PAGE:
Google's latest developer release of its Chrome browser enables packaged apps, a way to create Web apps that are indistinguishable from native apps, at least from an aesthetic perspective.
The technical gaps that remain--Web audio APIs, hardware access APIs, and the like--are all rapidly disappearing. Despite the difficulties confronted by early adopters, like German game maker Wooga's experience with Pocket Island, there are enough convincing demos at conferences like Google I/O that prove Web apps can compete with native applications, more often than not.
But for Web apps, the issue isn't merely technical. It's also aesthetic. The Web app user experience diverges enough from what native apps have trained computer users to expect that the difference is a barrier to acceptance. That's why Google's packaged app documentation has sections labeled "How they look" and "How they behave" but not "How they perform." It's also why Google's recent Chromebook refresh introduced a familiar desktop UI: As far as interacting with computing devices goes, it's a challenge to get users to embrace new modes of interaction and unfamiliar interfaces. Witness the ongoing popularity of Microsoft Word.
Packaged Web apps may be new but they feel familiar. Google's packaged apps platform, said Google engineering manager Erik Kay in a demonstration video, helps you "make apps that feel more like native applications."
A related project that Mozilla had under development, Prism, described the goal of packaged Web apps more bluntly, calling it "a way to make Web pages superficially appear to be native applications."
In other words, it's largely about appearances.
Packaged apps launch in their own window, like native apps, and they can be launched outside of Chrome, like native apps. They are offline by default and are less dependent on a network connection--a source of frustration for users when connectivity is slow or not available. They support system-level APIs to access TCP/IP, USB, and Bluetooth, as well as APIs for cross-application data sharing. And they support new app-windowing APIs so they can manage multiple windows, just like Windows, Linux, or OS X.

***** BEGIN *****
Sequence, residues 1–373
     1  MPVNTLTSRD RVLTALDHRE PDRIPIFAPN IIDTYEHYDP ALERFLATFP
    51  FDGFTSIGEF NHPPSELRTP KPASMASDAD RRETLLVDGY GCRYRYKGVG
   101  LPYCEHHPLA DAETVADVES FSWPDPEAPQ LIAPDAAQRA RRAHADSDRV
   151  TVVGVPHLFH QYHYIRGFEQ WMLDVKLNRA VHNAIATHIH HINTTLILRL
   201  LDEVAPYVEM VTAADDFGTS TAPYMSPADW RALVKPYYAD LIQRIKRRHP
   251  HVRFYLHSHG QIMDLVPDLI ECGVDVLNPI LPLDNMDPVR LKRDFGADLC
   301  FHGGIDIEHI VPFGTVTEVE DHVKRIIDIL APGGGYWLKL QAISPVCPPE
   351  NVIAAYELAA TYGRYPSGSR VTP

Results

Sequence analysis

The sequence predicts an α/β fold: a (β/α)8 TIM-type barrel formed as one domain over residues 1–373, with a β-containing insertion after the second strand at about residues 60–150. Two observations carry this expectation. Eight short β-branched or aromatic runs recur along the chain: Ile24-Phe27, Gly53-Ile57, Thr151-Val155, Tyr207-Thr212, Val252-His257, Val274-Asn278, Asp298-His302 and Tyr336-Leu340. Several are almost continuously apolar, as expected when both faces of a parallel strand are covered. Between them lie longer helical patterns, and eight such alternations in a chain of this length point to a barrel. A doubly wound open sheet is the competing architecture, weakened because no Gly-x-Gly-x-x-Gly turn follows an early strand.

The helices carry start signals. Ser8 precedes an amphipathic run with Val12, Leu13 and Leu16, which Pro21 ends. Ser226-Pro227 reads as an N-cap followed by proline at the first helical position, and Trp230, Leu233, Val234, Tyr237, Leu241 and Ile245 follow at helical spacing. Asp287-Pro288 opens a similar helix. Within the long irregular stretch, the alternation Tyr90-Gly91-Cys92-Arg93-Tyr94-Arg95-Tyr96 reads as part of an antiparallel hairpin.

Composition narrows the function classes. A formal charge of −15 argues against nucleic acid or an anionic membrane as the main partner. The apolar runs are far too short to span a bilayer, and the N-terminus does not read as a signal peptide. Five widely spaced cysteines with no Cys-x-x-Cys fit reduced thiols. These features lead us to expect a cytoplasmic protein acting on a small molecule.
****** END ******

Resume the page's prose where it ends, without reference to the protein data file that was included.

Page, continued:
In fact, Kay's description of the goals of packaged apps makes it sound as if Web app development represents a source of potential shame: "Your users shouldn't be aware that your app was built with Web technologies," he said.
One thing developers should be aware of, however, is that some of Google's packaged app APIs are Chrome-specific. Developing Web apps using these APIs means you're developing a Chrome app rather than a platform-independent Web app.
Mozilla's Prism used to be an alternative, but the initiative was cancelled last year, as was its successor, Chromeless. Todd Simpson, Mozilla's chief innovation officer, said in an email that Firefox already has incorporated some of the technology from these projects. "We have built on the ideas from the Chromeless and Prism projects, and they are implemented in Firefox as part of our Web runtime for applications," he explained. "They have provided similar functionality to Chrome's recent announcement for some time now. It is great to see that Google agrees with us that running some applications outside of the browser better suits user expectations and needs. This should further accelerate the adoption of HTML5 applications."
There are other alternatives to Google's packaged app technology: Developer Todd Ditchendorf makes a Mac app called Fluid, which allows users to turn Web apps into OS X desktop apps. It's not really comparable on a development level, but it's similar from a user experience perspective. And of course there's Adobe AIR, which can package Flash and Web apps to run without a browser, using the AIR runtime.
But if Google's packaged apps platform can help turn the Web-apps-vs.-native-apps debate into a more productive assessment of technology based on project requirements, developers and app users alike stand to benefit.